Isolated sulphite oxidase deficiency in a newborn girl.

Sara Seneca, Willy Lissens, E. Gerlo, Danielle Hasaerts, C. Dorche, Ingeborg Liebaers, Linda De Meirleir

Research output: Chapter in Book/Report/Conference proceedingMeeting abstract (Book)


Sulphite oxidase deficiency is a rare, autosomal recessive inborn error of metabolism. The disease may occur as an isolated deficiency of sulphite oxidase or, more often, as a molybdenum cofactor deficiency.
We report here on a girl, born at term with normal birth weight after an uneventful pregnancy to healthy, unrelated parents. She was admitted to the neonatal care unit with apnoeas, feeding difficulties and hypothonia. The patient developed symmetrical and asymmetrical clonic seizures with bicycling movements. A MRI and CT scan of the brain revealed diffuse cerebral oedema of the subcortex and white matter. Laboratory studies showed increased S-sulfocysteine and thiosulfate levels, but normal xanthine and hypoxanthine levels in urine. A diagnosis of isolated sulphite oxidase deficiency disorder was considered and subsequently confirmed by absence of sulphite oxidase enzymatic activity in cultured fibroblasts.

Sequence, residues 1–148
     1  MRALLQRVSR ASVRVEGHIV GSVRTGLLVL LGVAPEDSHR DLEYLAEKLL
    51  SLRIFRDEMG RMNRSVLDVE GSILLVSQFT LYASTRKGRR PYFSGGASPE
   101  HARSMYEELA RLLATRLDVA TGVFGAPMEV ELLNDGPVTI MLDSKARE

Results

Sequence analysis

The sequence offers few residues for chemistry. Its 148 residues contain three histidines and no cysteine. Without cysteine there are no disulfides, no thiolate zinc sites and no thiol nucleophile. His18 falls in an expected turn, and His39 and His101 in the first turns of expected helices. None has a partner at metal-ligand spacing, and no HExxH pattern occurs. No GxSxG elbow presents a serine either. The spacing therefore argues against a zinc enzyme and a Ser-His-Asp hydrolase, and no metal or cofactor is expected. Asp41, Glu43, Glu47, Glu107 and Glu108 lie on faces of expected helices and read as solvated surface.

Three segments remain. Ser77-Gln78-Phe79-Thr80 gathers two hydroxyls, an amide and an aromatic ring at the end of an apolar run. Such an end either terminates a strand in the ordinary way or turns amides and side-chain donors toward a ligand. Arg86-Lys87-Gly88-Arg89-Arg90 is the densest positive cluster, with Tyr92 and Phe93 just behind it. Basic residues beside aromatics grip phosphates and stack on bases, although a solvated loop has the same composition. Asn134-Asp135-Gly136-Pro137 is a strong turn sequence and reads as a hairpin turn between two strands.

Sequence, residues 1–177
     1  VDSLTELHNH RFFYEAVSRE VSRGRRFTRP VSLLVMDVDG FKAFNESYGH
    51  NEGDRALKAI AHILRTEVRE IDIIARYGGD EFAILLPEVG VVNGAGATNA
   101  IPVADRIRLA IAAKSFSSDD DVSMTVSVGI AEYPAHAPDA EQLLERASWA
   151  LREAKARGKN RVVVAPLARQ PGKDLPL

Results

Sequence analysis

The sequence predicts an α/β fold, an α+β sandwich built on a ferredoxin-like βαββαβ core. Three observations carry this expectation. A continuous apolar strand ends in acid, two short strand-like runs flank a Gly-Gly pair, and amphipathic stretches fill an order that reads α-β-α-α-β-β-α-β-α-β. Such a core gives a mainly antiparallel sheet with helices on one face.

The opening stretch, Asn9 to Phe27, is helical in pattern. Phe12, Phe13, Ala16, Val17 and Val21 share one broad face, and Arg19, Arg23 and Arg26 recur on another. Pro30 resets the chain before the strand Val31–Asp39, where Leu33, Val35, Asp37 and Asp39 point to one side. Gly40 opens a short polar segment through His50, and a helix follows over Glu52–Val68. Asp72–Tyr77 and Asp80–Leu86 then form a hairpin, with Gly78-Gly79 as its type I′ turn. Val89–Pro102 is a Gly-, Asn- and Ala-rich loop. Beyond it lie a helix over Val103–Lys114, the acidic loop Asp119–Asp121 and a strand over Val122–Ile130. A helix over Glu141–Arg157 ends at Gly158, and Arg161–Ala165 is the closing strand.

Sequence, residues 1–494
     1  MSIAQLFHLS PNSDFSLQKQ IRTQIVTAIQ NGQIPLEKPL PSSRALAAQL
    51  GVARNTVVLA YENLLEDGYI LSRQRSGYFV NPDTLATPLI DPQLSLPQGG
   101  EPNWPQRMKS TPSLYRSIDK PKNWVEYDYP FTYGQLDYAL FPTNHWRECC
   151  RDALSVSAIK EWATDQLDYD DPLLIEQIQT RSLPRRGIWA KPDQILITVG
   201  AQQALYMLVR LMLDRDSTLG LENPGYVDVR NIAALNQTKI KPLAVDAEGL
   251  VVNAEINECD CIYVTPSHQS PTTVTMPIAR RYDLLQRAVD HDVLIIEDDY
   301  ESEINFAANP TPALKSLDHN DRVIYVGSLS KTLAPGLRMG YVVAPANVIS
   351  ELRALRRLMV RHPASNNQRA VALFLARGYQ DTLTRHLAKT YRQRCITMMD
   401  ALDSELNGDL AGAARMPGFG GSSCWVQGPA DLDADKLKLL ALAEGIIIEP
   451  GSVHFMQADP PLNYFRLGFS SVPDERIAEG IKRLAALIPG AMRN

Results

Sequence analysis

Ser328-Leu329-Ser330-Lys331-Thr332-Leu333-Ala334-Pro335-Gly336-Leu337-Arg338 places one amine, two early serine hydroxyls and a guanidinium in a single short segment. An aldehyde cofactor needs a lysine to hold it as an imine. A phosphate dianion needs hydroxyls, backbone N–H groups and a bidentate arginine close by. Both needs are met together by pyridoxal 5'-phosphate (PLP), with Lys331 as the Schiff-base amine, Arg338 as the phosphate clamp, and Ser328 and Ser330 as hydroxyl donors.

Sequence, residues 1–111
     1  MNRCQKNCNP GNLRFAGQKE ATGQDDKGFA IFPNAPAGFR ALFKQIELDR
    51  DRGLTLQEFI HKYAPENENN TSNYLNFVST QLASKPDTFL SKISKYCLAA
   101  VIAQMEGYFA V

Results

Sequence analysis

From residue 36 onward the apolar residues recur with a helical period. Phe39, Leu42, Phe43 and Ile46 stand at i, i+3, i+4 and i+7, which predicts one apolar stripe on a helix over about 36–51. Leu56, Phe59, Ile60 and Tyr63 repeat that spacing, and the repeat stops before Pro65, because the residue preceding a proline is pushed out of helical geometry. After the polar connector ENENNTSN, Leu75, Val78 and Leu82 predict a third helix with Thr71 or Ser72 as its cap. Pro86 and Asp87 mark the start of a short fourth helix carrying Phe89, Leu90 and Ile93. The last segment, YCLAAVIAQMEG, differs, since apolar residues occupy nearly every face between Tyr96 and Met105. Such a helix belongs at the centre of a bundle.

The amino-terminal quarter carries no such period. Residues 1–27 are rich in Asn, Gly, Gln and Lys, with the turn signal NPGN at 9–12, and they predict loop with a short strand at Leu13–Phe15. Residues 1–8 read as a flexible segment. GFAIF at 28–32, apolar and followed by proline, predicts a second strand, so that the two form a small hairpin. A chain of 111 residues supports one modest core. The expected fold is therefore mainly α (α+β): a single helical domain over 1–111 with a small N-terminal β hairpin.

Automatic sequencing analysis of cDNA from fibroblast mRNA identified a homozygous G to A point mutation at position 913, resulting in a glycine to serine amino acid substitution (G305S). The mutation was verified at the genomic level. Both parents were heterozygous carriers of the mutation. The G305S mutation was not found in 25 unrelated controls. A prenatal diagnosis on CVS material was performed for a second pregnancy, and a healthy heterozygous carrier girl was born.
Original languageEnglish
Title of host publication8th ICIEM, Cambridge, UK
Number of pages1
Publication statusPublished - 2000
EventUnknown -
Duration: 1 Jan 2000 → …


Period1/01/00 → …


  • sulphite oxidase deficiency


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